Angelo Fiorito, sales manager for Paste Auto Parts in Toronto, agrees. “The hardest thing to do is a brake clinic, because all technicians think they know everything there is to know about brakes. Even though there is changing technology and changing formulations, technicians don’t believe you have anything new to teach them.
“I’m a technician from the old days and I was trained differently then. We weren’t parts replacement people; we would address the problem and fix it,” explains Fiorito. “I have spent a lot of time with technicians and explained to them why you don’t have to replace the parts again; what you have to do is correct the problem. Make sure the sliders are working, make sure the pad is moving in the hardware, which it is not. Sand down the pad a bit because it’s now glazed up. Put it back in and let the car drive away. You can do this real quick,” explains Fiorito. “But times have changed and most just put in another set now.”
Located in a heavily ethnic area of north Toronto, Paste Auto Parts has a very diverse clientele. “We have a heavy immigrant population that is challenged financially. They look for a value quotient, big time. Best bang for the buck. We sell the ProMax line, which is probably 80% of our sales. We carry three lines here: the Promax with or without the hardware; Wagner Quick Stop line, some with hardware some without; and we have the Bendix brand for the first line, some with and without hardware.
“We have some clients who are used car dealers, and we’re talking 10- and 12-year-old used cars, so they are the worst when it comes to demanding cheaper parts. We can buy cheaper rotors and pads, but we tell them we won’t do that, and now some of them are our best clients because we took the time to educate them on how spending a little more on parts will save them in the long run,” says Fiorito.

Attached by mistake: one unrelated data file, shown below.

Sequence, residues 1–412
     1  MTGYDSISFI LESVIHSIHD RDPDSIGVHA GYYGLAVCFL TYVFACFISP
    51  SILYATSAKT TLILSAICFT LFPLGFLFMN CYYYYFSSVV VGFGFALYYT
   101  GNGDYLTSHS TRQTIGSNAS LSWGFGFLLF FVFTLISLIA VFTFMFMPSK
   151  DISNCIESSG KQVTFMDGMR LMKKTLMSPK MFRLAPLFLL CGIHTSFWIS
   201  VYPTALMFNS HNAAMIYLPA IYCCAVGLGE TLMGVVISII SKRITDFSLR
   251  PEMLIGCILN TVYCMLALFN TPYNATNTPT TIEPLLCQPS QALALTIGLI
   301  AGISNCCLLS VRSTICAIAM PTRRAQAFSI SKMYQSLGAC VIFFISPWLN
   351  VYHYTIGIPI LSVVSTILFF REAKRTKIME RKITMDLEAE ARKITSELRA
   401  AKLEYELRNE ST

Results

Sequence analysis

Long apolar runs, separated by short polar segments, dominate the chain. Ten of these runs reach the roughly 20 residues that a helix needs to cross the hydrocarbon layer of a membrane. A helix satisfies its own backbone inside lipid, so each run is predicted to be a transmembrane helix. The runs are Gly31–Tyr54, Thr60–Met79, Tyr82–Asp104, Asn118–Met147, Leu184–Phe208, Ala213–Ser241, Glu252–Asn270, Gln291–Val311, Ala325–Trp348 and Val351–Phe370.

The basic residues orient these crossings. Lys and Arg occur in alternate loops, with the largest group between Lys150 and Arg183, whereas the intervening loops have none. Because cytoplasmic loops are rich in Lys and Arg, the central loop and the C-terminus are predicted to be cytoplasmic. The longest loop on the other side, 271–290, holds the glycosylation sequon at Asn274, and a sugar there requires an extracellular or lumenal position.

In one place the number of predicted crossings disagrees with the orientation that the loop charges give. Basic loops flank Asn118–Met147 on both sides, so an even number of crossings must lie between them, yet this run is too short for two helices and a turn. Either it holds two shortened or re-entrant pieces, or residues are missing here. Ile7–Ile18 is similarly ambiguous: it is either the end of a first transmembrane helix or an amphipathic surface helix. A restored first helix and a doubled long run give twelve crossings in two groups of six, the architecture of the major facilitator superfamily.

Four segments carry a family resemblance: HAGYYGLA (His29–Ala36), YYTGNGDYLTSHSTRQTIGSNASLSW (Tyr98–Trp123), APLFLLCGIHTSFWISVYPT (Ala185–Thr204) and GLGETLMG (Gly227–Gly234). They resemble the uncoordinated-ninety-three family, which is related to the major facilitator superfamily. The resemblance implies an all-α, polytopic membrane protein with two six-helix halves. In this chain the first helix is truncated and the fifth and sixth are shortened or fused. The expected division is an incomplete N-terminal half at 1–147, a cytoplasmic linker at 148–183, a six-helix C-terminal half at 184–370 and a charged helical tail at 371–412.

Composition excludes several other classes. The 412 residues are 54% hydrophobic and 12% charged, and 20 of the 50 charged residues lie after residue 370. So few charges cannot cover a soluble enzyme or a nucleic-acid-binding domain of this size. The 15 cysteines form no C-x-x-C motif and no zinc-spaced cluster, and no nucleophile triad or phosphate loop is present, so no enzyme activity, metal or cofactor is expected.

“I go through the logic of the purchase with them. The difference between a lousy pad and a quality pad is $10, and the difference between a lousy rotor and quality rotor is $5. So for an extra $30, they can do a quality job with something that has longevity, stopping power, and is non-squeak and the rotors won’t warp. This way, they avoid the comeback to re-do the job at their cost when something fails. In some cases, they have to turn around and educate their customers as well on why it is worthwhile to spend the extra $30. But in the long run, everyone benefits.”
Christopher Battershell, director, braking, North America, Federal-Mogul Vehicle Components business segment, says, “Most consumers trust their service providers to make the best technology choices for their vehicles and budget. If a consumer shows some price sensitivity, the counterperson or shop professional should clearly explain the disadvantages of choosing a lower quality part, including potential noise issues and shorter service life.
“Wagner Brake and Federal-Mogul help jobbers and service providers sell the benefits of premium parts through a wide range of creative and impactful point-of-sale materials, including a new Wagner OE21 in-store display, posters, counter mat, and much more. These tools help the jobber or shop professional educate the consumer on the value of investing in premium-quality brake products,” adds Battershell.
OE or better-than-OE quality is an important benchmark for automotive service providers who want to earn more of the consumer’s business across all repair categories. Because a brake job is one of the first service opportunities on a late-model vehicle, it’s vital that the shop get it right the first time – which means quiet operation, excellent stopping power, and outstanding pedal feel. The best way to hit that target every time is by relying on a high-quality premium brake pads and rotors from a trusted manufacturer.